Governor's Tax Plan Could Be Tough Sell with Farmers


Coming off a record dry year, drought is a major concern as farmers plan for 2013. Farmers learned more over coffee and donuts, and a University of Nebraska Extension workshop in Aurora.

Drought is a big worry, and so is the economy. So when Governor Dave Heineman says he wants tax reform, farmers like Curt Friesen listen.

"I'm very excited to take a look at those things," the Hamilton County farmer said.

But what worries Friesen is the governor's plan to eliminate the income tax.

He said, "I don't mind paying income tax because that means I made some money."

Hamilton County is one of the top corn producing counties in one of the top corn producing states. With record profits, Nebraska farmers have invested in new equipment. But a new combine can cost $300,000 or more.

Now, Nebraska could undo 50 years of sales tax exemptions on everything from dorm rooms to lottery tickets that are currently tax–free.

And they could also be charging farmers for seed, fertilizer, and high dollar machinery many have invested in during years of record profits.

Friesen said, "When you look at just the cost of equipment these days. We're already having to pay property tax on purchases and you suddenly put 5.5 or 7 percent sales tax, we're talking extra large dollars."

Lawmakers suggest farmers will drive to neighboring states to buy equipment. State Sen. Tom Carlson of Holdrege says a two hour drive will be no big deal to save $7,000 in taxes.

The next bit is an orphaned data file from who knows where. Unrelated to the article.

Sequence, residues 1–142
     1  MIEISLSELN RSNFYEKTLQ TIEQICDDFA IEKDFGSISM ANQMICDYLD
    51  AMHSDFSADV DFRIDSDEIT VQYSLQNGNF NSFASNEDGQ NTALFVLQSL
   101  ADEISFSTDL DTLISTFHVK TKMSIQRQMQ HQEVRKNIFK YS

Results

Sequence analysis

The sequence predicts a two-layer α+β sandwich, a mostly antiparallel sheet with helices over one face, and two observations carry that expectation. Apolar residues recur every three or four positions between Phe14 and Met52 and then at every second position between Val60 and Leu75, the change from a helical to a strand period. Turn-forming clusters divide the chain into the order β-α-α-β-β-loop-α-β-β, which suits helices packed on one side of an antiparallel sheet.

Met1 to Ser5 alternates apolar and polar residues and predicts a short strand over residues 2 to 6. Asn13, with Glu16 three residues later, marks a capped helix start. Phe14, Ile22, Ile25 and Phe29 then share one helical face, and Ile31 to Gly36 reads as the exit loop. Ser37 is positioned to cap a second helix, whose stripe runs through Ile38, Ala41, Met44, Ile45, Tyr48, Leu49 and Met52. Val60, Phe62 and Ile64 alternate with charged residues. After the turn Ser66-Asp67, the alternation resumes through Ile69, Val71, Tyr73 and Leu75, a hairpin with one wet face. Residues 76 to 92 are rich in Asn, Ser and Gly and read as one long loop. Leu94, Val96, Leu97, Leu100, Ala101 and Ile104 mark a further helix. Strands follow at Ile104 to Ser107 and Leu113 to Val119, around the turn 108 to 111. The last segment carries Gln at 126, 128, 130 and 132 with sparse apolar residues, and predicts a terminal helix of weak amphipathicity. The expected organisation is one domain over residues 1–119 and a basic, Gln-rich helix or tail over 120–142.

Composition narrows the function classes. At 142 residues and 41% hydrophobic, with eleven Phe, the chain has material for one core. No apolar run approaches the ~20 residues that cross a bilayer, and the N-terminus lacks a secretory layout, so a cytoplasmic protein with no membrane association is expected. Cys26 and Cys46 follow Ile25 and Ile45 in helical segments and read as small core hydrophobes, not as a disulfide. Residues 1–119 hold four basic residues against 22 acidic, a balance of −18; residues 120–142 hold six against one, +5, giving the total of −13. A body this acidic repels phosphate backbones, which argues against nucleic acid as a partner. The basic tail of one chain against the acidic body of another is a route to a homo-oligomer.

Farmer Daryl Hunnicutt of Giltner says there needs to be give and take, but he believes there's merit to cutting the income tax.

He draws on personal experience, from a family member who moved to Texas.

He said, "It seems like states without income tax are the ones with good business climate. That's where job growth is."

And that's exactly what the governor wants farmers to remember.

Heineman said, "Don't underestimate farmers and ranchers. They're going to think this trough and they're going to think about kids and grandkids. They're willing to have the discussion."

With land selling for record prices, property taxes have soared. Farm Bureau, the state's largest farm group, thinks that should be the focus.

However, they agree with the governor's assessment that the current tax system is mediocre.

"I'm glad we're having the discussion, hope we can be part of it. Maybe once Nebraska comes up with a solution, we can transfer that to the federal level," Friesen said with a smile.

There are 84 items currently exempt from sales tax. The governor has yet to specify which ones he may target.